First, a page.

US President Donald Trump ticked off his list of enemies as he addressed supporters in Michigan
JEFF KOWALSKY, AFP
But the biggest reaction from the crowd, many wearing Trump's signature red campaign hats, came when he promised to bring religion into U.S. schools, according to Reuters. More specifically, he promised to bring prayer back into our schools.
“Very soon I’ll be taking action to safeguard students' and teachers’ First Amendment rights to pray in our schools,” Trump said. “They want to take that right along with many other ones.”
The truth about prayer in schools
In using the word "they," I suppose Trump was referring to anyone who is not a diehard Republican. "They" must mean me, an independent who has voted for candidates of both parties, all the Democrats, or the millions of people whose religion is not that of evangelical Christians.
President Donald Trump bows his head in prayer during an address from the Cabinet Room to celebrate ...
President Donald Trump bows his head in prayer during an address from the Cabinet Room to celebrate the imminent adoption of the Republican tax cut plan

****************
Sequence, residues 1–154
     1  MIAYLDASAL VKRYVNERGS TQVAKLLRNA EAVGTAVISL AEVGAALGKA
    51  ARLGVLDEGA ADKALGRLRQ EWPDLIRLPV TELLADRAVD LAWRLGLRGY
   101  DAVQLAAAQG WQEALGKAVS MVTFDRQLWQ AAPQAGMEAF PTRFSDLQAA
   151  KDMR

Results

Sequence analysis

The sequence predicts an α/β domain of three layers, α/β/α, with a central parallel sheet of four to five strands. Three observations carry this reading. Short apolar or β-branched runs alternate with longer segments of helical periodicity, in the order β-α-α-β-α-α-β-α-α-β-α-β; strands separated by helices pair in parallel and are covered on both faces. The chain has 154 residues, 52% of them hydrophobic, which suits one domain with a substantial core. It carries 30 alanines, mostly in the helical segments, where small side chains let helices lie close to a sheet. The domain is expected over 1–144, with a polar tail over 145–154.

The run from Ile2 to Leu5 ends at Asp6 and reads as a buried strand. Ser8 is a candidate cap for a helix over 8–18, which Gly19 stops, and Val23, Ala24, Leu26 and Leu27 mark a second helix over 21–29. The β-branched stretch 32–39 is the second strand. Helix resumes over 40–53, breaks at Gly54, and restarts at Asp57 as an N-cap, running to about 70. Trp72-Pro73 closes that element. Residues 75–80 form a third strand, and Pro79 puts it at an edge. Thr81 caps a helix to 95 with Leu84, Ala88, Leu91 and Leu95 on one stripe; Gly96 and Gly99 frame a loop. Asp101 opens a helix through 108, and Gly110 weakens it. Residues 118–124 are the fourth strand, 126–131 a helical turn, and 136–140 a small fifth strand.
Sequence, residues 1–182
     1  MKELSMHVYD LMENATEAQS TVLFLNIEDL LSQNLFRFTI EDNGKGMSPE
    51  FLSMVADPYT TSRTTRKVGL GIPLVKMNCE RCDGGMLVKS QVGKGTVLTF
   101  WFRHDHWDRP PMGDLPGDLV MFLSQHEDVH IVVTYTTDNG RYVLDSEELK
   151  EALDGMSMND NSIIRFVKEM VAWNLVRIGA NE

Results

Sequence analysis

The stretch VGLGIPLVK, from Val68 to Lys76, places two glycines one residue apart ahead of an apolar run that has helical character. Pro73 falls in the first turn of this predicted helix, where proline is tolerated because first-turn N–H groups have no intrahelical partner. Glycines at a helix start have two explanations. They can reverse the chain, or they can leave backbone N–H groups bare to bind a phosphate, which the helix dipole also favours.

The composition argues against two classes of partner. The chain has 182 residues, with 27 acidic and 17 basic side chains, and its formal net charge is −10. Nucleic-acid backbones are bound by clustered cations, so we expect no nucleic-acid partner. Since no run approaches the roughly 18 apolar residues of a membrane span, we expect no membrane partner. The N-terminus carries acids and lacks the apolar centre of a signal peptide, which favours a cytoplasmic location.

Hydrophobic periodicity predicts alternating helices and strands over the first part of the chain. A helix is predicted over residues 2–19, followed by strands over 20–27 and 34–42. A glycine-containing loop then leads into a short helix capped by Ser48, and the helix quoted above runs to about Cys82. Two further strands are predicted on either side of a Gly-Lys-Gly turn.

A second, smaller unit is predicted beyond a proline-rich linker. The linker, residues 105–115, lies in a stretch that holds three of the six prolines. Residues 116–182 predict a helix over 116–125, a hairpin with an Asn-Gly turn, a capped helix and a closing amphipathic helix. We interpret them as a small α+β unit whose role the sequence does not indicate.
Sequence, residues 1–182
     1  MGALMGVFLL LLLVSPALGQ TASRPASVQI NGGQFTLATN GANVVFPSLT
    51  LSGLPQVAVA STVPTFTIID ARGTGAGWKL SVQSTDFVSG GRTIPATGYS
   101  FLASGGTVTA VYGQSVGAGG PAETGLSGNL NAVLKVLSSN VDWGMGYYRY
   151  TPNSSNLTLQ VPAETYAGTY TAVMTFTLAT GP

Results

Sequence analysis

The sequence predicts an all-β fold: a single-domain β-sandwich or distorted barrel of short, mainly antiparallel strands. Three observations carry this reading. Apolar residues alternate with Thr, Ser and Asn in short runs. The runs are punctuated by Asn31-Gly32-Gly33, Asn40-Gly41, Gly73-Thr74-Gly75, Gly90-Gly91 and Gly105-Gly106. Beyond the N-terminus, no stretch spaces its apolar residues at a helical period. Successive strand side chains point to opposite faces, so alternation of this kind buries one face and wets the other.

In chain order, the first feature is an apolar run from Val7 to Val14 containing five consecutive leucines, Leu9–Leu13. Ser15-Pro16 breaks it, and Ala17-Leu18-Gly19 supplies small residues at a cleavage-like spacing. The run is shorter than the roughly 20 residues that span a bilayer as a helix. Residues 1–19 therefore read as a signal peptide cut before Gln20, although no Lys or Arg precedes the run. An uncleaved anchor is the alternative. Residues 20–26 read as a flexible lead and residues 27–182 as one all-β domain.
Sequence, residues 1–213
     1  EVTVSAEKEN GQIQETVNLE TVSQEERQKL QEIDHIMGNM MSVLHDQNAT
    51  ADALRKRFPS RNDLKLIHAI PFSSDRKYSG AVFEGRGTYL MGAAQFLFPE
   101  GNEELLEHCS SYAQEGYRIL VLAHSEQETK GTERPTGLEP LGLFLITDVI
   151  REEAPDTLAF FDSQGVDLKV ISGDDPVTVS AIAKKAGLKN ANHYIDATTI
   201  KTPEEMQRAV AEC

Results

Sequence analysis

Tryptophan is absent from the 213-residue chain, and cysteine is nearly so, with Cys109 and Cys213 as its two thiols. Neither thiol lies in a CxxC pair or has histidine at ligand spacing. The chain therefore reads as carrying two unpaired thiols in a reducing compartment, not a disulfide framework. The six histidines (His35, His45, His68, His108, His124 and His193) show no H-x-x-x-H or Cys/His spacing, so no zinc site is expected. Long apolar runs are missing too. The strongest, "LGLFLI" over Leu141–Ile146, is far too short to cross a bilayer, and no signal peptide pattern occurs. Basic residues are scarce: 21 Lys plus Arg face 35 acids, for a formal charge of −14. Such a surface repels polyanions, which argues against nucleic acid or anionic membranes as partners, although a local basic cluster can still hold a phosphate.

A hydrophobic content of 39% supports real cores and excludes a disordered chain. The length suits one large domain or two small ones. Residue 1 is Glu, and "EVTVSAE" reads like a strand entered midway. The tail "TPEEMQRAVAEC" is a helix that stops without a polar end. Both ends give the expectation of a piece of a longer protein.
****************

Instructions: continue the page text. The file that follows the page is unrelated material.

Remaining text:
SAUL LOEB, AFP
Here is the truth, folks. The Supreme Court has never outlawed “prayer in schools.” Students are free to pray alone or in groups, as long as such prayers are not disruptive and do not infringe upon the rights of others. But this right “to engage in voluntary prayer does not include the right to have a captive audience listen or to compel other students to participate," writes the Freedom Forum Institute.
In its 1962 ruling (Engel v. Vitale), The U.S. Supreme Court ruled that school-sponsored prayer in public schools violated the establishment clause of the First Amendment to the Constitution. Writing for the majority, Justice Hugo L. Black said: “the First Amendment was added to the Constitution to stand as a guarantee that neither the power nor the prestige of the Federal Government would be used to control, support or influence the kinds of prayer the American people can say.”
This does not mean that a student can't pray in school. Students have the right to pray, as guided by individual conscience during the school day, as long as they do it in a non-disruptive manner. They can pray at the beginning of the day. They can pray over lunch. They can pray before they take a test.